With its latest acquisition on Willapa Bay, Columbia Land Trust is building on a large-scale, collaborative conservation effort to protect habitat of international importance.
Columbia Land Trust today announced the conservation of crucial shoreline and forest habitat along Willapa Bay in Pacific County, southwest Washington.
On June 13th, the Land Trust acquired 190 acres and nearly a mile of shoreline on East Willapa Bay, located just south of Lynn Point in Pacific County, Washington. This acquisition is located directly south of 374 acres the Land Trust conserved in December 2016.
“By conserving this land, we’re protecting water quality vital not only for a healthy bay, wetlands, and forest streams, but also for Willapa Bay’s iconic oyster industry,” said Nadia Gardner, Columbia Land Trust’s conservation manager in the coastal area.
The 560 acres now held by the Land Trust support a broader, collaborative effort to protect the wetlands and forests surrounding Willapa Bay. The U.S. Fish & Wildlife Service, the Washington Department of Fish & Wildlife, Washington Department of Natural Resources, The Nature Conservancy, and Forterra have all conserved land in an area with significance extending far beyond southwest Washington.
Willapa Bay is the second largest estuary on the U.S. Pacific Coast and one of the most important shorebird habitats in all of North America. Just last month, it was named a Site of International Importance by the Western Hemisphere Shorebird Reserve Network. Shorebird species such as the red knot rely on the bay’s tidal mudflats along an incredible migration route from Arctic breeding grounds to Tierra Del Fuego in South America.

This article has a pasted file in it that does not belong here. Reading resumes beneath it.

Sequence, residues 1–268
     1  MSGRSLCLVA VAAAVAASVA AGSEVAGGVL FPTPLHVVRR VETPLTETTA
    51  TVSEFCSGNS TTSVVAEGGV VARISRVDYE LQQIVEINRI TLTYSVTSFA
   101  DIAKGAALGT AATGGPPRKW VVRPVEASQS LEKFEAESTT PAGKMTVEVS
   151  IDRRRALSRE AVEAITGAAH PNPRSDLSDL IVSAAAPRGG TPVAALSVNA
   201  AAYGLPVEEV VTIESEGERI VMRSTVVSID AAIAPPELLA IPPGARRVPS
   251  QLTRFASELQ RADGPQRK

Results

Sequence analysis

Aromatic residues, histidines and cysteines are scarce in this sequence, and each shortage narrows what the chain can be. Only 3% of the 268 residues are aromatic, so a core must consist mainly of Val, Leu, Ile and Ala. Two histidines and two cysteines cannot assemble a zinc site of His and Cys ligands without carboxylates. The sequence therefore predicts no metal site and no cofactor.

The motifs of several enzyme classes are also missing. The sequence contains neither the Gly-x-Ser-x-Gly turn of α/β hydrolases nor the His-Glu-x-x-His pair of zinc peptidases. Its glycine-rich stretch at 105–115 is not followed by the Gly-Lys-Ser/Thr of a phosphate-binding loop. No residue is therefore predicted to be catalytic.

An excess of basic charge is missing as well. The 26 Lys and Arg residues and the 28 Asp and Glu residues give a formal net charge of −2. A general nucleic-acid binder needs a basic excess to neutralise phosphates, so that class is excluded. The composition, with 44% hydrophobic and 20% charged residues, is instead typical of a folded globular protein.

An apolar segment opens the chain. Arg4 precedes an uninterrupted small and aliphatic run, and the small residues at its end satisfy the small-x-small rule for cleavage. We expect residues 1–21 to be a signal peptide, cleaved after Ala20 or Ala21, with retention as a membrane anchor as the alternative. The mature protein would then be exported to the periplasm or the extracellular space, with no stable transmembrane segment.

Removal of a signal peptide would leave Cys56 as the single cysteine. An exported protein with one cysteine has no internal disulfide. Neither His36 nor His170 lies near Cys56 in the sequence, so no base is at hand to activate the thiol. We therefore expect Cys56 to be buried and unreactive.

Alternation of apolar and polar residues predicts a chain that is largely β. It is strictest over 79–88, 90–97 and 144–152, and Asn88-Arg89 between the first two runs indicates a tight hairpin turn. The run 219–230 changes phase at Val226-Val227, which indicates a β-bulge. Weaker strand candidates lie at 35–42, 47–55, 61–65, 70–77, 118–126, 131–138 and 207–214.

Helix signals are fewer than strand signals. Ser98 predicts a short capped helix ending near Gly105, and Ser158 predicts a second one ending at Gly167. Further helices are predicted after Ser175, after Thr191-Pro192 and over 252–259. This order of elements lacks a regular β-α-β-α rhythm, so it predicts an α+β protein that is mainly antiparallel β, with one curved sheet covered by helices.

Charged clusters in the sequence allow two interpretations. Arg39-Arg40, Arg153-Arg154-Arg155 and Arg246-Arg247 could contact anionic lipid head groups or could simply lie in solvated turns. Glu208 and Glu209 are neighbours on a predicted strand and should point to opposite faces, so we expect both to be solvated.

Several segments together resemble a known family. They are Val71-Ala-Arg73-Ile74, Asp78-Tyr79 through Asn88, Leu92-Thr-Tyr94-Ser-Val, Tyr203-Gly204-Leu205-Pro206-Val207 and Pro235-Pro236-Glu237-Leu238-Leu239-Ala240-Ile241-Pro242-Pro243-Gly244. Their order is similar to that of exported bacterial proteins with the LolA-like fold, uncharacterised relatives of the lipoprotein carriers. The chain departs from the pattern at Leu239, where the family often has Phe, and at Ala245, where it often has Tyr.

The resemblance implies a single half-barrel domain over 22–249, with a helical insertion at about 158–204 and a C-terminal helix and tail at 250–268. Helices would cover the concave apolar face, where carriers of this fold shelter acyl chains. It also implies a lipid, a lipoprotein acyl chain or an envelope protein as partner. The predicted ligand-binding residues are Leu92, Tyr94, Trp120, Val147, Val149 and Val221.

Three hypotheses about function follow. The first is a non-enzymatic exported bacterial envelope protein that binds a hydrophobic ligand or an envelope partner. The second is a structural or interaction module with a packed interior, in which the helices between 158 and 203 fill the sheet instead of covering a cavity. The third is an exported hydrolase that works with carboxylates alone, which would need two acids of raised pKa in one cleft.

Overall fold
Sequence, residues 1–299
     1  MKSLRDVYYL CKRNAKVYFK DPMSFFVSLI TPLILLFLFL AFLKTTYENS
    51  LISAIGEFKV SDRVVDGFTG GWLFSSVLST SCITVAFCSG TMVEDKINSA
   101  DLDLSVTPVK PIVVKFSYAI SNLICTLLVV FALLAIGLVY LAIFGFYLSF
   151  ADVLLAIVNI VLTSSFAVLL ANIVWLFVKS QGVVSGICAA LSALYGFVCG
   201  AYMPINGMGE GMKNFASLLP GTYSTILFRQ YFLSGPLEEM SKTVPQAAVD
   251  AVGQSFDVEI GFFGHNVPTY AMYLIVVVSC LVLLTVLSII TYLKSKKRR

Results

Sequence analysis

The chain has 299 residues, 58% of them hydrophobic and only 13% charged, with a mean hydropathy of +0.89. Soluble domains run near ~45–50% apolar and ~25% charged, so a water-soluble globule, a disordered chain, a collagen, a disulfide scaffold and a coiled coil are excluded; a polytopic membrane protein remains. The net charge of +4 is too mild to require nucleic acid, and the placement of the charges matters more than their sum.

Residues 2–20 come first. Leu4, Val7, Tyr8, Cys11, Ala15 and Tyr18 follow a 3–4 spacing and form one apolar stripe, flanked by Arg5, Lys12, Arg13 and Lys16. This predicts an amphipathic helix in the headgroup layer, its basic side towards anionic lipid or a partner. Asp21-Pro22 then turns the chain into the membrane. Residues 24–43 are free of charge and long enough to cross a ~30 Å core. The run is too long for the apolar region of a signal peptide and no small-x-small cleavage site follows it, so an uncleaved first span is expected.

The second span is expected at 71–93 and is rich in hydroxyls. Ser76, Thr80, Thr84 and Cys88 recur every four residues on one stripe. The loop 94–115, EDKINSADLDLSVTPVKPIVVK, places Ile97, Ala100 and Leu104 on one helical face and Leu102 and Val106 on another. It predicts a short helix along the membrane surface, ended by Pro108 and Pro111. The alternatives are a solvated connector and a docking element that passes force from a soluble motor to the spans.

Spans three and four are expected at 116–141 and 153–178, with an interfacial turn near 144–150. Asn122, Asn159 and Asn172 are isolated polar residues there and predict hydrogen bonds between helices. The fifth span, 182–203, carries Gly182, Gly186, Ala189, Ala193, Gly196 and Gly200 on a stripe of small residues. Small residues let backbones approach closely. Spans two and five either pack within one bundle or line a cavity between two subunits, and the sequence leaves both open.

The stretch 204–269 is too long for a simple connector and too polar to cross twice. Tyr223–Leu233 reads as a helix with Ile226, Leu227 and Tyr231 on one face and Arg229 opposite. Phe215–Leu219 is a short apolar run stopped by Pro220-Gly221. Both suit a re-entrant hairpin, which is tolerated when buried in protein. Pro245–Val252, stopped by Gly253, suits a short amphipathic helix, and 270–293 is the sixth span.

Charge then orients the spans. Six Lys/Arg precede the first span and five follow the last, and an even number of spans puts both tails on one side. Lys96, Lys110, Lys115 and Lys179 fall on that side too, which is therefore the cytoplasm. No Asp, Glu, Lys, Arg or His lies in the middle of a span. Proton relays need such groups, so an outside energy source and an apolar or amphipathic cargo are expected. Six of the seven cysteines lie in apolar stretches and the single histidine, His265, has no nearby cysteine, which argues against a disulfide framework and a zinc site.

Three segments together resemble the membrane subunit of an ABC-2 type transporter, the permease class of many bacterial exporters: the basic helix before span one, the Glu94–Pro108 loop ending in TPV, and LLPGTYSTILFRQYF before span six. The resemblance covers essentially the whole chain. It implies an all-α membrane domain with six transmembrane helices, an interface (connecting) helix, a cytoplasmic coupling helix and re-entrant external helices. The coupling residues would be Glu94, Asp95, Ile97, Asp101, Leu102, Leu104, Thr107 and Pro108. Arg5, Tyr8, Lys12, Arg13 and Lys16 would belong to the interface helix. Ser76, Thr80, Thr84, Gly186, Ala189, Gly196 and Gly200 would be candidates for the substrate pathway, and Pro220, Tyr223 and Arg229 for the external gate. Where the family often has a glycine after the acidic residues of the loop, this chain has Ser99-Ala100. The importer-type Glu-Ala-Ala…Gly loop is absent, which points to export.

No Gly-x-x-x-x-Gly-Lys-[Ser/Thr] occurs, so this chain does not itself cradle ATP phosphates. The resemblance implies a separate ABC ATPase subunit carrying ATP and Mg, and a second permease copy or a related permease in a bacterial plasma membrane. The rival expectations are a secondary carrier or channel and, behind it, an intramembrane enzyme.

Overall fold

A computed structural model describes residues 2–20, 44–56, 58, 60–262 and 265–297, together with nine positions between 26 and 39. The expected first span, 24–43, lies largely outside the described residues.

The area is more than a haven for migratory shorebirds. Wetlands, streams, and forests provide habitat for salmon, steelhead, eulachon (smelt), waterfowl, black bear and Roosevelt elk.
Columbia Land Trust purchased the property from Hancock Timber with a generous loan from The Conservation Fund, along with support from the Washington Recreation & Conservation Office and the Seattle Audubon Martin Miller Fund. The Land Trust is grateful to both the seller and its funding partners for making this significant conservation success possible.
“We are thrilled to support Columbia Land Trust in acting quickly to acquire this high-quality wildlife habitat,” said Caitlin Guthrie, Land Conservation Loans Associate with The Conservation Fund. “This was an exceedingly rare opportunity to protect a mile of Willapa Bay shoreline for the benefit of future generations.”
Moving forward, the Land Trust plans to restore the upland areas to their historic, natural forest conditions, protecting tidal wetlands, sloughs, and streams. Restoration activities could include weed control, native planting, culvert removal and replacement, and selective forest thinning. In time, restored forested habitat could support old growth-reliant species, including the endangered marbled murrelet.